View 1 Item
Adobe Stock photo
Equality Utah and the Utah State Board of Education have jointly asked for a stay in proceedings through May 15 in the organization's constitutional challenge of state education policies it says prohibits positive speech about LGBT people.

SALT LAKE CITY — Attorneys for Equality Utah and the Utah State Board of Education have jointly asked for a stay in proceedings through May 15 in the organization's constitutional challenge of state education policies it says prohibits positive speech about lesbian, gay, bisexual and transgender people.

The joint request for the stay was made in a recent court filing following the Utah Legislature's passage of SB196, which eliminated a specific prohibition against advocacy of homosexuality in health instruction in Utah public schools. Gov. Gary Herbert signed the bill into law on March 20.

Plaintiffs' attorneys have said passage of the legislation is one means to resolve the legal challenge. The joint motion says the plaintiffs' attorneys "have proposed amendments to the administrative rules challenged in their complaint to resolve their remaining claims for injunctive relief."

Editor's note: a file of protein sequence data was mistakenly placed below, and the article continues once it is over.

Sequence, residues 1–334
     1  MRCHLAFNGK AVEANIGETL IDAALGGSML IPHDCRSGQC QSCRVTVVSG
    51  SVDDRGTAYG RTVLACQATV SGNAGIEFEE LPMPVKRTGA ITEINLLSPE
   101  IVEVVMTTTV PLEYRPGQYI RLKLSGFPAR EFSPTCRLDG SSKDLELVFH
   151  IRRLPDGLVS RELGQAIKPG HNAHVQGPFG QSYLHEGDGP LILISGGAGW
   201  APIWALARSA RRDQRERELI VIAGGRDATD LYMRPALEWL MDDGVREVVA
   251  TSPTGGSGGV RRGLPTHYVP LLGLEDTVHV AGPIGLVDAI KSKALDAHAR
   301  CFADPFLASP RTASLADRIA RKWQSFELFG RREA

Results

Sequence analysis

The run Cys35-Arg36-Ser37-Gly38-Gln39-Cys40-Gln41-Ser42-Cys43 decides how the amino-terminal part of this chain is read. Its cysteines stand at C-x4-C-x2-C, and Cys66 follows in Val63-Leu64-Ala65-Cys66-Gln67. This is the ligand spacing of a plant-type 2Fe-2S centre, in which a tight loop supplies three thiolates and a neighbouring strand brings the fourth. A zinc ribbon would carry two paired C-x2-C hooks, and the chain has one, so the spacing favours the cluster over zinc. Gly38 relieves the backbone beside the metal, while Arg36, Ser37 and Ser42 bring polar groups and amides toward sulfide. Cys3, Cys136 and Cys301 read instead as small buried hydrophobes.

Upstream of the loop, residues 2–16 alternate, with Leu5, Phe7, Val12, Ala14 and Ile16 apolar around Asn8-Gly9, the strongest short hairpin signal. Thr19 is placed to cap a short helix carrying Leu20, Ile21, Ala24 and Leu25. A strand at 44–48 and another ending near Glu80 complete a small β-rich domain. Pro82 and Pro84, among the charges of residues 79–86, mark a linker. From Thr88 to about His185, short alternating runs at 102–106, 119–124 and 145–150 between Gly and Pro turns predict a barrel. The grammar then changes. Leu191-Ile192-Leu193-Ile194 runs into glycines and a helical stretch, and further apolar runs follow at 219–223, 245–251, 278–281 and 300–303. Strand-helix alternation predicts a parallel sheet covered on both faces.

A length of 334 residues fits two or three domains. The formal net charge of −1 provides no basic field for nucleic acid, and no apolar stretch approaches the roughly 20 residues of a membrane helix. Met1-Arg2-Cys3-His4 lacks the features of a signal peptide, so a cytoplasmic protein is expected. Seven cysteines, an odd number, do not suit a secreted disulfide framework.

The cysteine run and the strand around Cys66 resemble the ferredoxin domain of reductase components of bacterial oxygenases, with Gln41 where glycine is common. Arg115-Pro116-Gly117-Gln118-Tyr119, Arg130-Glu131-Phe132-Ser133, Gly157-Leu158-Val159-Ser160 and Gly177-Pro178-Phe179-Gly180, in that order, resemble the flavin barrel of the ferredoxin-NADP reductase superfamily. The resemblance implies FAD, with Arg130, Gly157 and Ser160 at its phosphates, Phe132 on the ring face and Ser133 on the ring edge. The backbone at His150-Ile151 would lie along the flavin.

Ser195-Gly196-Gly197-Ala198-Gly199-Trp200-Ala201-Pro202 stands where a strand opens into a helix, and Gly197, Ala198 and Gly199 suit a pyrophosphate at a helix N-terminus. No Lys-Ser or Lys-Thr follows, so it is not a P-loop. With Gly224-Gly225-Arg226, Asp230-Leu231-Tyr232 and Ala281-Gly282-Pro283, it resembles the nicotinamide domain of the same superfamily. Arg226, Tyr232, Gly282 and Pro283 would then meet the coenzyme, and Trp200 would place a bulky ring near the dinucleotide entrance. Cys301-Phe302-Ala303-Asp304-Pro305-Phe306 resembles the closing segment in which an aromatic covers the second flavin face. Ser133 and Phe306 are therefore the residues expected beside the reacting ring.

Statutes are enacted through an administrative rule-making process, generally conducted at an agency level.

The Utah State Board of Education is scheduled to address the issue at its May 5 meeting, according to court documents. The matter also appears on the state board's Law and Licensing Committee agenda on April 21.

According to the joint motion, "the parties have agreed to voluntarily exchange documents necessary to better understand the validity of plaintiffs’ claims for monetary relief and defendants’ defenses thereto. A stay of this case until May 15, 2107, may enable the parties to resolve all claims without judicial intervention."

Equality Utah’s lawsuit against the State School Board and Jordan, Weber and Cache County school districts cites experiences of three unnamed Utah students in elementary, middle and high schools as examples of other LGBT youths' experiences in Utah public schools, according to the complaint.

Equality Utah, which filed the lawsuit on behalf of the plaintiffs in October, claims Utah school policies violate constitutional rights of free speech and equal protection, as well as Title IX protections.

Cliff Rosky, who serves on Equality Utah's advisory board, said the organization is "hopeful that we can work with the Utah State Board of Education and the attorney general's office to ensure the equal protection of all students in our state's public schools."

The office of the Utah State Board of Education did not immediately respond to a request for comment.